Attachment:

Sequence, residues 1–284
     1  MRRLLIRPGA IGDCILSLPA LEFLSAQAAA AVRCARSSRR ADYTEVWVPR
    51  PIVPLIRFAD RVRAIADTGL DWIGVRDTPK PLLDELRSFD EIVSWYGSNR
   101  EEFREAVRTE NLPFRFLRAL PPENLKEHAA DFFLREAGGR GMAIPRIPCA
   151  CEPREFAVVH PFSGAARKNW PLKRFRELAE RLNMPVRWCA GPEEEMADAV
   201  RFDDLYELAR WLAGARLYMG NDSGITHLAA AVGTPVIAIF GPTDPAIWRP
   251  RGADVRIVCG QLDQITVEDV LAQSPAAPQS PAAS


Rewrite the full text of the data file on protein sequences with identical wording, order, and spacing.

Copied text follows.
Sequence, residues 1–284
     1  MRRLLIRPGA IGDCILSLPA LEFLSAQAAA AVRCARSSRR ADYTEVWVPR
    51  PIVPLIRFAD RVRAIADTGL DWIGVRDTPK PLLDELRSFD EIVSWYGSNR
   101  EEFREAVRTE NLPFRFLRAL PPENLKEHAA DFFLREAGGR GMAIPRIPCA
   151  CEPREFAVVH PFSGAARKNW PLKRFRELAE RLNMPVRWCA GPEEEMADAV
   201  RFDDLYELAR WLAGARLYMG NDSGITHLAA AVGTPVIAIF GPTDPAIWRP
   251  RGADVRIVCG QLDQITVEDV LAQSPAAPQS PAAS